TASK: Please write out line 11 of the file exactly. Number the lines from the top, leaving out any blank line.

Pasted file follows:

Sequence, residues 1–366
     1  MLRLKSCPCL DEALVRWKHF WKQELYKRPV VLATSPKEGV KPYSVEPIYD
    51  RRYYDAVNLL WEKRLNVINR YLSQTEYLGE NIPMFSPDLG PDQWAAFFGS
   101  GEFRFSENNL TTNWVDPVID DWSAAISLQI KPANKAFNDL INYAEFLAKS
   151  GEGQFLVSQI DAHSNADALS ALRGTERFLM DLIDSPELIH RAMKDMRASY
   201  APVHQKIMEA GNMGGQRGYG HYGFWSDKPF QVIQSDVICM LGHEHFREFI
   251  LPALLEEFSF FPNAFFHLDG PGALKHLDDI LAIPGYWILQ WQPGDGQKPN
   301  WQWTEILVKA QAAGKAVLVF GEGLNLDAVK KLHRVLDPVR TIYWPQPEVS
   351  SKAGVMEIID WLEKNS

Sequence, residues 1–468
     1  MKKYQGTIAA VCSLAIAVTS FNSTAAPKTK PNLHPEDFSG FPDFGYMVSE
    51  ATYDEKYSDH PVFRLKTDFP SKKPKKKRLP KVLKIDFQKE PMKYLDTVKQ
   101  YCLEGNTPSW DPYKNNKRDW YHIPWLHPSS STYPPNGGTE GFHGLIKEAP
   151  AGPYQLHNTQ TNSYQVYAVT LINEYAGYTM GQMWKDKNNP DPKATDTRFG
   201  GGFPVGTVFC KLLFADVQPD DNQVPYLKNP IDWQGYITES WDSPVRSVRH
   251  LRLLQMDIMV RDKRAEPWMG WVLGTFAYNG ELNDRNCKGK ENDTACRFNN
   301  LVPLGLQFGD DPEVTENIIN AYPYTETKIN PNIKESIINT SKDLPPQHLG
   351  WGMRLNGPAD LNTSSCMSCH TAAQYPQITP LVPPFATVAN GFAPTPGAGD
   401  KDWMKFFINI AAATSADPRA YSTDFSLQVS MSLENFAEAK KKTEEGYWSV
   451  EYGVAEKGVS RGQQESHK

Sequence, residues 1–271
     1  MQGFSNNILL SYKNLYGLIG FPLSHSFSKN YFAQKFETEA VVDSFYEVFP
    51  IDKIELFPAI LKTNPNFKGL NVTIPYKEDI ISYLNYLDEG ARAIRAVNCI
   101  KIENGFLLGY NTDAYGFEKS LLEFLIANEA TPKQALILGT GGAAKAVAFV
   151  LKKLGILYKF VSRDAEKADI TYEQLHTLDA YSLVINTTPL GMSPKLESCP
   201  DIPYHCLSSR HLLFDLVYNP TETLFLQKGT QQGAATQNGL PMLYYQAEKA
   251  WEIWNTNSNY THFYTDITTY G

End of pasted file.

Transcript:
     1  MKKYQGTIAA VCSLAIAVTS FNSTAAPKTK PNLHPEDFSG FPDFGYMVSE